http://www.oregonlive.com/portland/index.ssf/2011/05/post_86.html reveals the supervisor at Portland's Bureau of Emergency Communications did not know how to activate a reverse 9-1-1 phone system that could have warned nearby residents last week of chemical fumes escaping from Precision Castparts, according to a city review of what went wrong.
The BOEC supervisor on duty contacted the wrong bureau to activate the system. The supervisor contacted the Portland Police Bureau to put in place its Portland Emergency Notification System, but that system became defunct in July 2009, the city analysis showed.
The BOEC supervisor was not aware that Portland's new FirstCall system was activated in December 2010, under the oversight of Portland's Office of Emergency Management.
The incident started Wednesday with a power outage at Precision Castparts, located where boundaries for Milwaukie, Portland and unincorporated Clackamas County converge on Southeast Johnson Creek Boulevard.
After the electricity went out, the company switched to a backup generator but was unable to power up the pollution-control equipment, resulting in release of a cloud that consisted of hydrofluoric acid, nitric acid fumes and nitrogen dioxide, according to incident reports and DEQ officials.
"During the incident there was a lack of adequate and clear communication between the multiple agencies as it related to the community notification system,'' the city's analysis said.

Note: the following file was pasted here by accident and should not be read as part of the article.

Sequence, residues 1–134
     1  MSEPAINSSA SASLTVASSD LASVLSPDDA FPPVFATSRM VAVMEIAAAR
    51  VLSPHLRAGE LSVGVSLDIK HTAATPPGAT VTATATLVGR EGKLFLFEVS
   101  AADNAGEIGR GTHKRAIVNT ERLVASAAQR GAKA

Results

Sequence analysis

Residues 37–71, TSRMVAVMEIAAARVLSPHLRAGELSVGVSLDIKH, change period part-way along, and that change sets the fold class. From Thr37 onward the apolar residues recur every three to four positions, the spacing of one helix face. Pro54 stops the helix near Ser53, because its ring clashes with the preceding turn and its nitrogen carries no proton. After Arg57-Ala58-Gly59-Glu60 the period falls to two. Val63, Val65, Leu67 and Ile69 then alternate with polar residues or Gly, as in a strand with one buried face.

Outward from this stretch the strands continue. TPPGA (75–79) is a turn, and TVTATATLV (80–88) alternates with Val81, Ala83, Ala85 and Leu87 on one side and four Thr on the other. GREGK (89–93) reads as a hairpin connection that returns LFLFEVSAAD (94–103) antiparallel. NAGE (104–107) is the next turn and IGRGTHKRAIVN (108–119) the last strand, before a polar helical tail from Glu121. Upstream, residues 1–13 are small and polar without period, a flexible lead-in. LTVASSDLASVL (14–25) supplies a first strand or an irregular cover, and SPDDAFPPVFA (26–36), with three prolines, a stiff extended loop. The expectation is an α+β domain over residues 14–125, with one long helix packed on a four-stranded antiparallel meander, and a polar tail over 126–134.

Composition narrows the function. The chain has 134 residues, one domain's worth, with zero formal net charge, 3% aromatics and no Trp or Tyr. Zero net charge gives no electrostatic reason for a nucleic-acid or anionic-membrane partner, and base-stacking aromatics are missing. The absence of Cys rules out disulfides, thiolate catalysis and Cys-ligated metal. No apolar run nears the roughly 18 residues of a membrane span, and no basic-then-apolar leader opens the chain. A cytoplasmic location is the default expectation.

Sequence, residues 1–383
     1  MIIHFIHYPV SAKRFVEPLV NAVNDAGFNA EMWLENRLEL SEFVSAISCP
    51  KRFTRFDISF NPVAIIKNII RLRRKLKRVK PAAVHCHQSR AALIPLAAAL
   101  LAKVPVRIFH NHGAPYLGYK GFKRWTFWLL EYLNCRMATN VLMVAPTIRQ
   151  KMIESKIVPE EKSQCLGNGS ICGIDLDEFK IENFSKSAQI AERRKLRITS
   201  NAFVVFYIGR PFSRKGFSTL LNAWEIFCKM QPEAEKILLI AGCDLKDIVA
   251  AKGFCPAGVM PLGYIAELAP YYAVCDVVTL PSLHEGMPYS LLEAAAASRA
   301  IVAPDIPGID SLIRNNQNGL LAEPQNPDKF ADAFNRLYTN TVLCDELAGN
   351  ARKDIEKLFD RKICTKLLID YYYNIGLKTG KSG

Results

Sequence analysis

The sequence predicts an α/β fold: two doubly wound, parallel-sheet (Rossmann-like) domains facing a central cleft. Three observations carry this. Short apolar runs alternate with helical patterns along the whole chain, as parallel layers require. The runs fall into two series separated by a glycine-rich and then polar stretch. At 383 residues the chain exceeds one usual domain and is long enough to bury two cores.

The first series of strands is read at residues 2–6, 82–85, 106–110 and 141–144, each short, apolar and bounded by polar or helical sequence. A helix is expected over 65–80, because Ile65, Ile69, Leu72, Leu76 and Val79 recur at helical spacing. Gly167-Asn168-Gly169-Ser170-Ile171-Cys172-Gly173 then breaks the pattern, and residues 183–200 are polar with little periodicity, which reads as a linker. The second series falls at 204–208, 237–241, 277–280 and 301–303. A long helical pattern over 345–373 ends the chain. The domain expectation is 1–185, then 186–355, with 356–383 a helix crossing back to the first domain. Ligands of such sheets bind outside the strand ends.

Further, BOEC and Portland's Office of Emergency Management lacked clear written protocols for activating the new FirstCall system. The system is managed by POEM and the Portland Water Bureau. When activated, it can notify residents in a geographic area through published land line phone numbers, unpublished numbers, cell phone numbers and e-mail addresses that residents allow into the system.
The emergency management bureau tested the system in the Johnson Creek area of Southeast Portland on April 27. But the final approval of the warning system is not scheduled to be adopted by the City Council until the end of June, city reports show.
The analysis found that additional training is needed on the new system and the steps to activate it. Training will be provided to BOEC and Portland's public safety and emergency response bureaus.
In the wake of last week's incident, city policy has been updated to clarify procedures for activating the reverse 9-1-1 system. Requests for activation must now be coordinated through POEM, via the POEM duty officer or POEM director. BOEC will also now come up with internal protocols for its use and activation, according to the city analysis.
The city also tonight released a time line of what occurred last Wednesday night, showing that by the time officials figured out who was responsible for activating the system, it was too late.